Therefore, it is a principal object of the invention to provide an improved method and apparatus for contacting a ball with a ball-striking instrument.

A further object of the invention is to provide an improved method and apparatus of the type described which enables an individual readily to determine whether he has contacted a ball at a desired location on the ball.

These and other, further and more specific objects and advantages of the invention will be apparent to those skilled in the art from the following detailed description thereof, taken in conjunction with the drawings, in which:

FIG. 1 illustrates a baseball constructed in accordance with the principles of the invention;

FIG. 2 is a section view of the baseball of FIG. 1 further illustrating construction details thereof;

FIG. 3 is a top view illustrating the preferred position of a baseball during an inside pitch, during a pitch down the middle, and during an outside pitch when the batter strikes the ball; and,

FIG. 4 is a front elevation view of a batter and a batting-T illustrating the method of the invention.

Briefly, in accordance with my invention, I provide an improved practice ball for enabling an individual contacting the ball with a striking instrument to determine whether the striking instrument contacts the ball at a desired location. The practice ball includes a spherically shaped body; and, at least one arm mounted on the body. The arm is moveable between at least two operative positions, a first operative position with at least a portion of the arm extending outwardly from the body, and a second operative position with the arm displaced from the first operative position. The arm is displaced from the first to the second operative position by hitting the portion of the arm extending outwardly from the body with the striking instrument.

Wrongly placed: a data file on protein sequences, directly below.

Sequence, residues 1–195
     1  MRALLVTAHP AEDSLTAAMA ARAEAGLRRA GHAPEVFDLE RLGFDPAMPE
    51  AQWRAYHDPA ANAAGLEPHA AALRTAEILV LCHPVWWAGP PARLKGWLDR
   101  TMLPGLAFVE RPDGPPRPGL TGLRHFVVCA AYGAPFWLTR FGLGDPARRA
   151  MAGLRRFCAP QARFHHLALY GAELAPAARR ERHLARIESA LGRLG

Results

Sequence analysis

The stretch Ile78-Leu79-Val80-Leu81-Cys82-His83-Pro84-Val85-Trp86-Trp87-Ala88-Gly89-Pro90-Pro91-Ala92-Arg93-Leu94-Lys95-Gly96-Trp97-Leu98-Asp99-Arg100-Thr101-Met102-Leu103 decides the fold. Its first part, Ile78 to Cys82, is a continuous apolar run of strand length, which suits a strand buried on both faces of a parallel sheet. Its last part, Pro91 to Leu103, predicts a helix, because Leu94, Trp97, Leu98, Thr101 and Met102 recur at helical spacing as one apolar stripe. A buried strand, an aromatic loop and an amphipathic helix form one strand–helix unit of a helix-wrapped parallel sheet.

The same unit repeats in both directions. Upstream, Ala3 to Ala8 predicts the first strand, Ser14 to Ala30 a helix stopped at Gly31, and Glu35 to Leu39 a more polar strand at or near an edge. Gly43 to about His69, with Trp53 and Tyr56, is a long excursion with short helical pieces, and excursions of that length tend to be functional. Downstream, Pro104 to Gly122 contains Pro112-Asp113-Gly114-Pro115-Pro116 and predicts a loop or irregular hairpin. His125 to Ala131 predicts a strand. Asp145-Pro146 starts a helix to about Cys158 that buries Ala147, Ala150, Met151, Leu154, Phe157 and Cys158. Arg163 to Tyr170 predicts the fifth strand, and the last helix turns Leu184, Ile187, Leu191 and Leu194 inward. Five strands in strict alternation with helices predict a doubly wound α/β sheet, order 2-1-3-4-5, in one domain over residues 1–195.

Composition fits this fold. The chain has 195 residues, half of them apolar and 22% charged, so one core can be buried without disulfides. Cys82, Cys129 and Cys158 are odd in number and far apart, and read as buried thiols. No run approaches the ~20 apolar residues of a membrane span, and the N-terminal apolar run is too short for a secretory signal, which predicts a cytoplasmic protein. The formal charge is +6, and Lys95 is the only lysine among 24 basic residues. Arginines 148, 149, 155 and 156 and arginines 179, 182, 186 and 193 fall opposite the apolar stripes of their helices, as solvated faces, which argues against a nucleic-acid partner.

In another embodiment of the invention, I provide an improved method for practicing hitting a ball. The method includes the step of providing a practice ball. The practice ball includes a spherically shaped body and at least one arm mounted on the body. The arm is moveable between at least two operative positions, a first operative position, and a second operative position with the arm displaced from the first operative position.

The improved method also includes the step of providing a striking instrument for hitting the practice ball. The arm extending is displaced from the first to the second operative position by hitting the arm with the striking instrument.